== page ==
Cartoon cats offered a lifeline. Animoca’s knowledge of the Chinese gaming market helped it land the distribution rights for CryptoKitties in the region. At the peak in late 2017, some cats traded for more than $100,000 each. When the market chilled the next year, Animoca bought its stake in the game’s creator, Dapper Labs, which turned out to be a winning bet. (Dapper is now valued at $7 billion.) From there, Animoca acquired the developer of a metaverse app called the Sandbox for $5 million and helped persuade SoftBank Group Corp. and other backers to put in $93 million last year, the first crypto deal for SoftBank’s Vision Fund 2. Animoca backed another hit crypto game, Axie Infinity, as well as OpenSea, which would become a popular marketplace for nonfungible tokens, including those from CryptoKitties and Axie.

But the model for these games hasn’t yet proved to be sustainable. In CryptoKitties, ownership of the most valuable cats over time became concentrated in a select few players, and people who weren’t willing to spend money on in-demand breeds became disillusioned and stopped playing. As the game’s popularity faded, Animoca offered some promotional support but ultimately determined the market wasn’t ready, says Siu. The company has largely abandoned the game.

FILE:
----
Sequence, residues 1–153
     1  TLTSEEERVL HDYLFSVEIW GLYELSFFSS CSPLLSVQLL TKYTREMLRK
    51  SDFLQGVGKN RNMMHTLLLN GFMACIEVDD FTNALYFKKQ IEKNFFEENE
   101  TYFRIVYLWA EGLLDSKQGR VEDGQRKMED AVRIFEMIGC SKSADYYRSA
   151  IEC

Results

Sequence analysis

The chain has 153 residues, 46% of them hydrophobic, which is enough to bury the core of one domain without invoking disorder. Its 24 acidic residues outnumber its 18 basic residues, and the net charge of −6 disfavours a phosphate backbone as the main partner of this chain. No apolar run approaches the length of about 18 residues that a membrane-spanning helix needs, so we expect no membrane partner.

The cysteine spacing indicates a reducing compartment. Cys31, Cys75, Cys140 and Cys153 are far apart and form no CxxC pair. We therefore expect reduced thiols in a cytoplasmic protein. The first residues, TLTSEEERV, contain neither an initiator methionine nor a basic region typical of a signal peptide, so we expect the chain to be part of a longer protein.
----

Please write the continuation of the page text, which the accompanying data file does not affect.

Animoca chases “the biggest startups. I don’t think it’s bad, but it doesn’t make the people who were supported in the past feel good,” says Benny Giang, a creator of CryptoKitties who left to start another blockchain venture. “That’s what Yat is still doing today, making a lot of deals everywhere. Only now it’s even more intense.”

Axie Infinity is showing signs of a similar boom-bust cycle. The game’s economy got so overheated that wealthy players pioneered a channel of online exploitation in which they acquired lucrative assets and rented them out to people in developing countries who spend all day toiling for digital money. The crypto crash hit Axie Infinity hard; its daily user base plunged to 250,000, from more than 2 million at its height late last year.

Even the concept of ownership in the games is questionable. In March, Animoca shut down its three-year-old racing game, F1 Delta Time, after failing to renew a branding license with the organizers of Formula One. Players who’d spent hundreds of dollars on drivers and car parts for the game were suddenly left with worthless blockchain tokens. Animoca gave away assets for other racing games as compensation, and an Animoca-backed studio called 99Starz plans to make a racing game without the Formula One license that will support versions of the old game’s NFTs, Siu says. He says this shows the enduring value of blockchain-based assets.